Progress markers (Earl, 2008) are a set of statements describing a progression of changed behaviours in a boundary partner. These describe:

  • Actions
  • Activities
  • Relationships

Leading to the ideal outcome. These markers show the complexity of the change process and have the following characteristics:

  • Can be monitored and observed
  • Permit on-going assessment of boundary partner progress, including unintended results

The ladder of change can be applied to any progress marker:

  1. Beginning: Expect to see.
  2. Mid-Term: Like to see.
  3. Final: Love to see.

To understand more about Boundary Partners and Progress Markers, watch Sara Earl’s Explanation.

You can learn more about Outcome Mapping through the following resources:

Logic Model

A logic model (Taylor-Powell & Henert, 2008) has many different forms and is a structured way to note specific inputs and activities of an organization and how they lead to outcomes over short, medium and long-term timelines. A logic model can be used in conjunction with other strategic planning processes and is a useful organizer.

Logic Model

You can learn more about creating a logic model through the following resources:

A Simplified Process

The following Seven Steps for Strategic Planning encompass all three of these foundational processes.

  1. Area of Focus
    • What from your state or provincial priorities resonate with you as an area of need for your students and staff? What are you seeing that indicates this is something your organization should focus on?
    • What does your data say? What is your present state?
    • What are you currently doing that is particularly effective in this area? How do you know?
    • What do your students need you to focus your creativity and energy on?
    • What changes would benefit your students and staff?
  2. Who are you trying to influence?
    • For schools, students are the most obvious group you are trying to influence.
    • Who else’s behaviour are you hoping to influence through this strategic plan? What individuals, groups, or organizations?
  3. What might happen if your plan is successful?
    • In general terms, what impact are you hoping to have?
    • What are the desired behaviours, relationships, beliefs and actions of those you are hoping to influence?
    • What would you expect to see? like to see? love to see?
  4. What might you as an organization DO to contribute to these changes?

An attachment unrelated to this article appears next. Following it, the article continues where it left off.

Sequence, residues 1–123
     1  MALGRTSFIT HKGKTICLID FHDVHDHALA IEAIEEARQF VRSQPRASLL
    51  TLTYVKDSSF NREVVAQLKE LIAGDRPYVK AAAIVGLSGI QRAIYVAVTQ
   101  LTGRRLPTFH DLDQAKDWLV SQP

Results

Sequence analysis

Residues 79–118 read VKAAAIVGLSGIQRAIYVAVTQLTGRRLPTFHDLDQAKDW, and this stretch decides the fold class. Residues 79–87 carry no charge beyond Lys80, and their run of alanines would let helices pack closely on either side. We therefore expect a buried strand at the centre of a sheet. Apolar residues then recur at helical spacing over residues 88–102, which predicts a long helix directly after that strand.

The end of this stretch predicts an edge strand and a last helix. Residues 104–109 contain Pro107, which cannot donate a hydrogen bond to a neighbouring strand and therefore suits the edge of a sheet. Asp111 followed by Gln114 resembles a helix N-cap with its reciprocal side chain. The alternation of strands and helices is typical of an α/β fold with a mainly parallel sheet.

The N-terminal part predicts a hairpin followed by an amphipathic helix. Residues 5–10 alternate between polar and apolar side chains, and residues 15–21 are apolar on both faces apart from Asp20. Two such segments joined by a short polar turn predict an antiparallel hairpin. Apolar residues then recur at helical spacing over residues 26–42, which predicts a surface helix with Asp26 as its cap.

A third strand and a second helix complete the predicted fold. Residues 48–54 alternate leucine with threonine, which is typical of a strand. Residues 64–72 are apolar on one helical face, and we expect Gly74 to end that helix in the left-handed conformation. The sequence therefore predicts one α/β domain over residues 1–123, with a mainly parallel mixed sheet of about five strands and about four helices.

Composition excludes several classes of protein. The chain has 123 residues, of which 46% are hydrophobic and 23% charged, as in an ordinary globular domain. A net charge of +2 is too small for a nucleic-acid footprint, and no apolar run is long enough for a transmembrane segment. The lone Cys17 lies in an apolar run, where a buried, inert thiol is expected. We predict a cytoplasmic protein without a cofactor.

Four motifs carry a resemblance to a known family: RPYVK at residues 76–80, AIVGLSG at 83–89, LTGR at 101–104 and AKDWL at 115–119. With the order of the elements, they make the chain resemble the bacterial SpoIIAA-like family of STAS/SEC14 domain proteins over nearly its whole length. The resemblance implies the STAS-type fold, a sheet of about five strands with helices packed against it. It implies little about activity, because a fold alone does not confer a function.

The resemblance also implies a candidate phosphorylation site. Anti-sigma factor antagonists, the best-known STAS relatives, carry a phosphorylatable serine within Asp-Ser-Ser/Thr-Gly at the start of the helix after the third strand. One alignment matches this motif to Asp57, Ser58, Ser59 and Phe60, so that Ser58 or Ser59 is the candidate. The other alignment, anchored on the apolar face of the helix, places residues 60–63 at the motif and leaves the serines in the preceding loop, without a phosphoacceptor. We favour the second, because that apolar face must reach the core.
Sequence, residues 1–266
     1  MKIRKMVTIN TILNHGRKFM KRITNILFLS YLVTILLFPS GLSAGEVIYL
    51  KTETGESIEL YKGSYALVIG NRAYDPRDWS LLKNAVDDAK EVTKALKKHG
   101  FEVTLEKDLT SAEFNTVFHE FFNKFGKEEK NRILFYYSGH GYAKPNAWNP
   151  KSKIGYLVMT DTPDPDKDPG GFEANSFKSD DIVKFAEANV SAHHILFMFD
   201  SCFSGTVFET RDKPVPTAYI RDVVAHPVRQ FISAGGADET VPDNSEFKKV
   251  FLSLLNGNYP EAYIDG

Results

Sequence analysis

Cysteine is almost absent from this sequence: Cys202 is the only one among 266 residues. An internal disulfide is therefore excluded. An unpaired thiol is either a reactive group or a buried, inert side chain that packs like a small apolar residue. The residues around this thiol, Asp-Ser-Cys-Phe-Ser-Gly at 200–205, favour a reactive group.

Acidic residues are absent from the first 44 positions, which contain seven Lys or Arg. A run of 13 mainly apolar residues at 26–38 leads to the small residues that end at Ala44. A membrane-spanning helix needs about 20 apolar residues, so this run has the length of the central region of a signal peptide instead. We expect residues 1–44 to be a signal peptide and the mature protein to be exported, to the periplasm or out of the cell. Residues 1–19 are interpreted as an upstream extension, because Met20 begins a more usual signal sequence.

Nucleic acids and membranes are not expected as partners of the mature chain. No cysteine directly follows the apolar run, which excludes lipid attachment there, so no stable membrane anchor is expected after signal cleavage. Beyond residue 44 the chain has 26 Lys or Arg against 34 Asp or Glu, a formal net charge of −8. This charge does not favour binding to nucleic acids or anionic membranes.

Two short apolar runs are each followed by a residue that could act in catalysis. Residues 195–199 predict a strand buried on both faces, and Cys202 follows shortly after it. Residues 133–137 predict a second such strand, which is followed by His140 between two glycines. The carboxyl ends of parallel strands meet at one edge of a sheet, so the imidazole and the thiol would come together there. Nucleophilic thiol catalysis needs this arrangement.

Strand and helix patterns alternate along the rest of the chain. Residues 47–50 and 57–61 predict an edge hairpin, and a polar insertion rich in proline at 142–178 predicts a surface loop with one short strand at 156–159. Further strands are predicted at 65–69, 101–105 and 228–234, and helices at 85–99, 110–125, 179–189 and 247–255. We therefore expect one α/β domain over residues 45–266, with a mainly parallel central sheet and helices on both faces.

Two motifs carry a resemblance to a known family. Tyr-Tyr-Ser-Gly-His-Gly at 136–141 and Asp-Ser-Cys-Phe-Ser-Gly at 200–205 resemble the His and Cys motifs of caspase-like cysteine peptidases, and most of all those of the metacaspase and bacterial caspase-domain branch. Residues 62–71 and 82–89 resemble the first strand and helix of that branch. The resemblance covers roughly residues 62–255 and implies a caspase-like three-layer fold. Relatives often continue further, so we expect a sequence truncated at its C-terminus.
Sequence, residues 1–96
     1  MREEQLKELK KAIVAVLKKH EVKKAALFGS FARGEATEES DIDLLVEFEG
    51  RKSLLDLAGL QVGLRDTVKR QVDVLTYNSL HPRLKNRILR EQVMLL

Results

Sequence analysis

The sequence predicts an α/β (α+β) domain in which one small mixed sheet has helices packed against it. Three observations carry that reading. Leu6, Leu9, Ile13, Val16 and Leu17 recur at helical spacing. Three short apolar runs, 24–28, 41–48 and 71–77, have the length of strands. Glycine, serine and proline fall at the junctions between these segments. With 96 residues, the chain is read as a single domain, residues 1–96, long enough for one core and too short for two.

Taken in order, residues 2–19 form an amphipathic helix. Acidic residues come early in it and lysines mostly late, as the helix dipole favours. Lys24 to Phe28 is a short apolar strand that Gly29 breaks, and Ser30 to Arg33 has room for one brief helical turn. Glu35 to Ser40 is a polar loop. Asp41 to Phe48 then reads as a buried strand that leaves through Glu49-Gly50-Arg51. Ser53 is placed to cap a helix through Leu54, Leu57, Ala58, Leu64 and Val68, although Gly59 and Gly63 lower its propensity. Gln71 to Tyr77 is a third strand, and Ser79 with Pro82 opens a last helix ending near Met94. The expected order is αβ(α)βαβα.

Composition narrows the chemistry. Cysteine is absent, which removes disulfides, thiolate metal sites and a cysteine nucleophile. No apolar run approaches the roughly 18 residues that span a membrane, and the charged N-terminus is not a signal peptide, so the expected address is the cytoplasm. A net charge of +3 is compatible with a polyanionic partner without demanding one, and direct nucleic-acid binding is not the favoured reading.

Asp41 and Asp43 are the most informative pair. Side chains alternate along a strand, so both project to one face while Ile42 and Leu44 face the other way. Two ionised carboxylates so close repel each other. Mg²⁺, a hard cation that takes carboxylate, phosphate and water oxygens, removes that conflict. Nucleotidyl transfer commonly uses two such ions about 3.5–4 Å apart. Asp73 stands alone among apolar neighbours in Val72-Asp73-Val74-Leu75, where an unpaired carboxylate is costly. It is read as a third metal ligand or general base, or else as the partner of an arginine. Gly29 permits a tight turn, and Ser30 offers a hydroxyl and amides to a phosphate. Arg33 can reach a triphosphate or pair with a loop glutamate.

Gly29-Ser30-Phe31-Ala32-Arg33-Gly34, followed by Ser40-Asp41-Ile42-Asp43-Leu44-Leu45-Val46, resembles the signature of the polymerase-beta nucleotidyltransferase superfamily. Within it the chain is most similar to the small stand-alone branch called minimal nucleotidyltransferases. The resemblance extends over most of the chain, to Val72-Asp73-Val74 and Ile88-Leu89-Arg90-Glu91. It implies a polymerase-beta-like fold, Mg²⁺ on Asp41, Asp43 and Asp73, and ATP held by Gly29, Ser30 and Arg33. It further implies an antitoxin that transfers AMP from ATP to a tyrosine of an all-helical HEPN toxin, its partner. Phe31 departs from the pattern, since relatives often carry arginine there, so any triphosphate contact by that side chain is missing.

• What are you currently doing that works towards these impacts?
    • What might you do in the future?
    • Who might lead this work? Who might participate in this work?
  5. What resources might you need?
    • What systemic structures might need to be in place?
    • What time, money, and other resources are required?
    • Where might these resources come from? be reallocated from?
  6. What are the outcomes you expect to see? There are two ways of viewing outcomes:
    • Logic Chain:
      • What are the short term, or direct behavior changes that might result from your actions? These are often LEAD indicators (behaviours that might predict a future state or success). These short term outcomes are often teacher behaviours.
      • If those happen, then what medium term then long term, or indirect behaviour changes and outcomes might be influenced by your actions? Some of these are LEAD indicators, while others are LAG indicators (behaviours in current state that are based on past actions and performance).
    • Behaviour Progression:
      • Consider the group whose behaviour you would like to influence. What might you EXPECT to see? LIKE to see? LOVE to see?
  7. How might you monitor your progress?
    • What evidence might tell you about the implementation of your actions?
    • What evidence might tell you about the efficacy of shifts in organizational practices and structures?
    • What evidence might tell you about your outcomes?
      • Changes in behaviours.
      • Lead and lag indicators.
    • Consider using Wellman and Lipton’s Collaborative Inquiry Method and Collaborative Inquiry Worksheet for investigating your data.